A donor-advised fund (DAF) gives individuals a chance to support their favorite charities. However, the rules for a DAF are different than traditional charitable gifts. It allows the account holder to store their funds for a certain amount of time before distributing the funds to the donor's preferred charities.
Donor-Advised Fund Basics
A DAF allows people to give a portion of their money, assets, or property to charity in order to receive a tax deduction immediately. However, the donor isn't required to decide on their charity at the time of donation. Instead, the account is managed by a nonprofit institution or an eligible charitable organization to satisfy IRS requirements. This organization will typically charge a fee to account holders in exchange for managing funds and processing charitable grant requests.
How to Use a Donor-Advised Fund
When the assets are in the DAF, the individual holder has the option to invest in various portfolios or funds that may grow the investment over time. As a result, the DAF may allow the donor to give even more to charity. Some people will use a DAF in lieu of setting up a trust for a particular organization while others will front-load their account to give themselves enough time to grow their assets. Typically, individuals will set up a DAF during a high-income year in order to reduce the tax due on their income and support preferred charities over time.
How to Donate to a Donor-Advised Fund
If you choose to open a DAF, the first step is to choose which organization you want to invest with. Each will have their own fees and restrictions. Account holders then transfer assets into the DAF. This can be anything from cash, securities, real estate, bonds, or other assets. The funds inside the account are entirely tax-free, which means they can continue to grow unimpacted by any future tax law changes.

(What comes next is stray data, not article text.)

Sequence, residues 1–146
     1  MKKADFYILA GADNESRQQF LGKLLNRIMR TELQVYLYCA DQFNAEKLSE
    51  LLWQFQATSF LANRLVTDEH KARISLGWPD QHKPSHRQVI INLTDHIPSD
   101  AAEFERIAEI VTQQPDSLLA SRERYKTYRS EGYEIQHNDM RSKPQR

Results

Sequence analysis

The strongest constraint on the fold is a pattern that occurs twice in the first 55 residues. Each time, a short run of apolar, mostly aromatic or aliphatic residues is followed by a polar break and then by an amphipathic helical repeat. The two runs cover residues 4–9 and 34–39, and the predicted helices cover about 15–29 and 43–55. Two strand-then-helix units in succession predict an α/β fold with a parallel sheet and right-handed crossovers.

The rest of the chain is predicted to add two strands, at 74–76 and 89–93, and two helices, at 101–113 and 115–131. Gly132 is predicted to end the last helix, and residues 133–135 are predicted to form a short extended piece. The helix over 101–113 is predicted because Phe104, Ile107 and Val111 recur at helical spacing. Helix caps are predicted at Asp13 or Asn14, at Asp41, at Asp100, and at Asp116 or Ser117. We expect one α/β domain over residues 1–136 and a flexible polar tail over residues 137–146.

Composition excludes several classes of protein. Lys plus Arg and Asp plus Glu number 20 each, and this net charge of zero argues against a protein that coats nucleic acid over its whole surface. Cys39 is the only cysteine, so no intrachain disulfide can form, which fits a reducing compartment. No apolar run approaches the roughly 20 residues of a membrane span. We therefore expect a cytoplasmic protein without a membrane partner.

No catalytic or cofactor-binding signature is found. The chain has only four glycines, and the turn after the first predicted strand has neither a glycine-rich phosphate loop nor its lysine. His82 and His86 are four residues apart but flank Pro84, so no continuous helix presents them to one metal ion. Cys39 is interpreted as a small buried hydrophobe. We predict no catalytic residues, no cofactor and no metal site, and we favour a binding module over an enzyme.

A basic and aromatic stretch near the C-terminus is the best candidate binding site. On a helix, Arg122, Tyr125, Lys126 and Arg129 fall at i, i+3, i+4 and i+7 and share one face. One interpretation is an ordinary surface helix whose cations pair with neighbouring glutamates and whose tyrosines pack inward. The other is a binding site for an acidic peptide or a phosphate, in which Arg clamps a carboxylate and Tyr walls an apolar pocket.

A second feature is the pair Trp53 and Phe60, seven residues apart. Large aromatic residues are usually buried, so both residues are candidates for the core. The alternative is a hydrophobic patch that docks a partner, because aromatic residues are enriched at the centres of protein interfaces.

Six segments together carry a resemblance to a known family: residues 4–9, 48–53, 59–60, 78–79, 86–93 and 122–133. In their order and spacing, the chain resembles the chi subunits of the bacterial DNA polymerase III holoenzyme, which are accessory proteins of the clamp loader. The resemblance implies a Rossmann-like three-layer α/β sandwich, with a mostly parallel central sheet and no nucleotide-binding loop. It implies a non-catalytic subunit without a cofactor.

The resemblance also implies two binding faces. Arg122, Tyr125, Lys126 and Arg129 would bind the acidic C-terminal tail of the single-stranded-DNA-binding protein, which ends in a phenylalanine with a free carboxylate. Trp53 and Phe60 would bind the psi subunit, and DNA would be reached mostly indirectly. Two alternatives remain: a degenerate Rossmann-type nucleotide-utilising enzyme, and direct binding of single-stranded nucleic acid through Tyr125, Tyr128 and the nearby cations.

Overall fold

Using Your Discretion
Grant requests can be submitted to withdraw funds and have them sent to the donor's charities of choice. DAF holders are not technically required to donate the funds to a charitable organization at all though it is a best practice to distribute a reasonable portion of the DAF account each year.
Donor-Advised Fund Tax Information
Any contributions made to a DAF are classified as a 501(c)(3) gift. The IRS allows the individual to give up to 50% of their Adjusted Gross Income in cash and up to 30% in other types of assets.1 Liquid gifts such as cash are taken at market value, but illiquid investments will need to be evaluated by an independent appraiser for the exact monetary value. Individuals who want to exercise specific investment strategies will need to check with the organization managing their account. Each one will have their own list of approved investment options.
There is a lot to consider when it comes to getting the most out of DAF. However, it may be a good choice for individuals who want to maximize their charitable donations as well as their own investment portfolio.
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